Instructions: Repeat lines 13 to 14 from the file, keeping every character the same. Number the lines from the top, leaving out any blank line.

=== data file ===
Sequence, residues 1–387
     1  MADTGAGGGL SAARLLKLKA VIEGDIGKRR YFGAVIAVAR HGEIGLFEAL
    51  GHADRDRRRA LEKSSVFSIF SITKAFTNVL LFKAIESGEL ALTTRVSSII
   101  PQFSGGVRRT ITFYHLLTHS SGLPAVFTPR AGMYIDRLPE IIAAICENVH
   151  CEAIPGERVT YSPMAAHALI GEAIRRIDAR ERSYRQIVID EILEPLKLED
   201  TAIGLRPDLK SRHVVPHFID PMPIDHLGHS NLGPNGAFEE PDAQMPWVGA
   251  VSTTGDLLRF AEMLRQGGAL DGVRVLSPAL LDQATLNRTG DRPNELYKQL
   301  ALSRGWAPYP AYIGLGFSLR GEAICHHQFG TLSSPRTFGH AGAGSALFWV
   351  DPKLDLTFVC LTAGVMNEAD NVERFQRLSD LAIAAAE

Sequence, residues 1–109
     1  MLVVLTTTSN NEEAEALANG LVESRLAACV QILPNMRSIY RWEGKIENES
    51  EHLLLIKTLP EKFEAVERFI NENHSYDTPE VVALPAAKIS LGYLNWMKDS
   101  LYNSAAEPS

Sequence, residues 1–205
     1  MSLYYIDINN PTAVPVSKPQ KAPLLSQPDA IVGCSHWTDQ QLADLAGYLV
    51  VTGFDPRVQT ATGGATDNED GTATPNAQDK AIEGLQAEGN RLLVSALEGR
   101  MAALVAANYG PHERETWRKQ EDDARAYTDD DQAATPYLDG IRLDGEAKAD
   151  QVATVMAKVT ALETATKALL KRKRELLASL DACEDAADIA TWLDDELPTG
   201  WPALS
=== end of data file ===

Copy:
   101  LYNSAAEPS

Sequence, residues 1–205